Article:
Through the use of your QMS as a governance tool, you can identify business opportunities that contribute to bottom line improvements and effectively manage your risks.

Performance Measurement
Self-governance and organisational behaviour have a direct influence on performance and the capacity to create value for customers and employees. Effective performance measurement and self-governance can result in higher levels of innovation, employee loyalty, and customer satisfaction; as well as superior financial performance.

At first glance, the new high level structure common to all new and revised management system standards, Annex SL appears to make the standard writers lives ‘much easier’ but in reality, as organisations begin to understand and appreciate the value of different management systems all speaking a common language, it will be organisations – and in turn the consumer – who stand to be the true beneficiaries.


ISO14001 Technical Committee Launch New Website

Monday, June 15th, 2015

To enable the many thousands of users to see the latest progress in the revision of international environmental management system standard ISO 14001, a  brand new website has been launched.  The website has been launched by ISO TC 207/SC1/WG 5, which is the ISO Committee with responsibility for ISO 14001.

With the revised standard now due for publication in September 2015, the site contains lots of helpful information, including the likely key changes and the benefits of the standard.

Contact Clark Quality for help and support.


ISO14001 Revision Proceeds to Final Stage

Sunday, February 8th, 2015

ISO 14001 on environmental management systems has progressed to Final Draft International Standard Continue reading “ISO14001 Revision Proceeds to Final Stage” »

ISO9001 Revision Moves on to Final Stage

Saturday, November 8th, 2014
A recent vote approved the latest draft of the revised ISO 9001 on quality management systems. The document can now progress to the next stage of the ISO standard development process.

ISO 9001 is undergoing the periodic revision standards generally go through every 3 to 5 years to ensure they are relevant and up-to-date. The new edition, expected in 2015, will feature some important changes.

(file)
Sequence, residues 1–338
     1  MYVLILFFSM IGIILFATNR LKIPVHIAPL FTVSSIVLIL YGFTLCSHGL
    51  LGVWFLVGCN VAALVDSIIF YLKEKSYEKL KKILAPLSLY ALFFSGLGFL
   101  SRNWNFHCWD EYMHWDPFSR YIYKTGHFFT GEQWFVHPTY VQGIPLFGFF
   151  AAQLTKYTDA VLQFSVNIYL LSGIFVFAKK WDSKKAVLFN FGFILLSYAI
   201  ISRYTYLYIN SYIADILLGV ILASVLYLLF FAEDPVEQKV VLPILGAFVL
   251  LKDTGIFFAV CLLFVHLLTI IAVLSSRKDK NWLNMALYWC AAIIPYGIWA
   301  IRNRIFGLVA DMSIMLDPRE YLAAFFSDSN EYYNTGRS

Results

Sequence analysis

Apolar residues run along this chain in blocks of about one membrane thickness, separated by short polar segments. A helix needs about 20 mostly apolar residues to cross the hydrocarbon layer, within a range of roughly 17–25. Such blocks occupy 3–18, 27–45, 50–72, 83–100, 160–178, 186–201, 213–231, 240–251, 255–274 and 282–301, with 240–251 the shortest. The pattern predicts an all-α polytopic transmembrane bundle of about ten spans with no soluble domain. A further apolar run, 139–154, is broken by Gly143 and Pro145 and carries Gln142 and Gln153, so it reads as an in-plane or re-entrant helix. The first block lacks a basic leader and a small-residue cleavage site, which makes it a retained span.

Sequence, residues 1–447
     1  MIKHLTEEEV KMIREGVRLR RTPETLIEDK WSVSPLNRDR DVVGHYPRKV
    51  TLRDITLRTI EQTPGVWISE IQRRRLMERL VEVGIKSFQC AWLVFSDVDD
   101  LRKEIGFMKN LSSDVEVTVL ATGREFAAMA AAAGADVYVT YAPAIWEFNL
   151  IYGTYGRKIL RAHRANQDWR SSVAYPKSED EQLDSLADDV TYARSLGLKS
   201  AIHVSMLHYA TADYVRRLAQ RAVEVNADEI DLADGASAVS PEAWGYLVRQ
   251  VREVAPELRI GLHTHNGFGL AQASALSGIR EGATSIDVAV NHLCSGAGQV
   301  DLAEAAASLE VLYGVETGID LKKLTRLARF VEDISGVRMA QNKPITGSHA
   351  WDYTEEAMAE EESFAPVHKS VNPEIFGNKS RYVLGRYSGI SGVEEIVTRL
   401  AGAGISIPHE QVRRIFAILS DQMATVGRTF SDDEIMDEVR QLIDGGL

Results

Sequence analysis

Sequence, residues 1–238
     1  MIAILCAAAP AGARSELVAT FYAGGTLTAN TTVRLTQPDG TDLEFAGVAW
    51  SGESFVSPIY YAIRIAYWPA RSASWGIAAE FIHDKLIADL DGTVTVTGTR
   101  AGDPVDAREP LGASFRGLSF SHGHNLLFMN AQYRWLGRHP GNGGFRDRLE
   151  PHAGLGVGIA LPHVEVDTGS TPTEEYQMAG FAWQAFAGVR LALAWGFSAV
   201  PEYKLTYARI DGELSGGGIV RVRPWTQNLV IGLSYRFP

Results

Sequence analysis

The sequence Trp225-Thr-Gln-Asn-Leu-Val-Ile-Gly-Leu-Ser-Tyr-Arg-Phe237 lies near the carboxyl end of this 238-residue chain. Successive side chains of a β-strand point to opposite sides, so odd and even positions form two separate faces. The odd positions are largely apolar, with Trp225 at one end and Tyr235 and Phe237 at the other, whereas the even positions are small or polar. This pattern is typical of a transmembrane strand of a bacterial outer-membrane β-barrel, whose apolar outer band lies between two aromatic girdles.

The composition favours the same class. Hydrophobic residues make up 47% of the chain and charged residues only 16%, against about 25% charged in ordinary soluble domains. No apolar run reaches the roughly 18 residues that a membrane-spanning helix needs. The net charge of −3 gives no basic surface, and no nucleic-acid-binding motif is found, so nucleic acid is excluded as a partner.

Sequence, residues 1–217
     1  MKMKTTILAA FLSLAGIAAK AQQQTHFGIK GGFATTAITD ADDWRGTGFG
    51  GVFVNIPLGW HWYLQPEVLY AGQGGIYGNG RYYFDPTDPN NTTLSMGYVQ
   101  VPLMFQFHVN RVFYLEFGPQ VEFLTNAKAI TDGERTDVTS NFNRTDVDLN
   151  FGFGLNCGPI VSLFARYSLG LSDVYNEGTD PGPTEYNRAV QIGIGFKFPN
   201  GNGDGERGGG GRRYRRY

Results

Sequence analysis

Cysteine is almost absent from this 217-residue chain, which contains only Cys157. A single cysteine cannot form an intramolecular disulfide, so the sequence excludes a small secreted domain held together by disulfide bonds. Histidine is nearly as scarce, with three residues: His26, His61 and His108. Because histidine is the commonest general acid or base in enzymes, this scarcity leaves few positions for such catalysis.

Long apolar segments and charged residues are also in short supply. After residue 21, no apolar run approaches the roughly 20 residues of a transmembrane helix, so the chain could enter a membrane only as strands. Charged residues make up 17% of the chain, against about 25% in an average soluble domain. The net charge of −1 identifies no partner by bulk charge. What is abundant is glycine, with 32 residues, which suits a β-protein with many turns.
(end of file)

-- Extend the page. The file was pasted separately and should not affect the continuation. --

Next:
Dr. Nigel Croft, Chair of the ISO subcommittee that is revising ISO 9001, explains what are the main changes and next steps in the revision

The latest draft (Draft International Standard – DIS) was put to vote according to ISO procedures and received nearly 90% approval, which is enough for it to progress to the next stage: Final Draft International Standard (FDIS).

Experts in the ISO subcommittee revising the standard will now go through all the comments received during the DIS vote in order to produce a final draft which will then be put forward for voting. Once approved, the standard can then be published.

“We are on the right track, and we are on schedule for publication,”says Nigel Croft, Chair of the ISO subcommittee revising the standard. He adds, “The new version is very strongly based on three basic core concepts: that process approach which was very successful in the 2008 version of the standard superimposed on that system of processes is the plan-do-check act methodology, and a third core concept which is new in the 2015 version is risk based thinking, aiming at preventing undesirable outcomes.”

ISO 9001 is one of ISO’s most well-known standards, with more than 1.1 million certificates worldwide. It provides requirements to help companies demonstrate that they can offer their customers consistent, good quality products and services. It also provides a framework to help them streamline their processes and become more efficient at what they do. ISO 9001 can be used by organizations of all types and sizes. The standard has inspired a series of documents for sector-specific applications including for the automotive sector, the medical sector, local governments and more.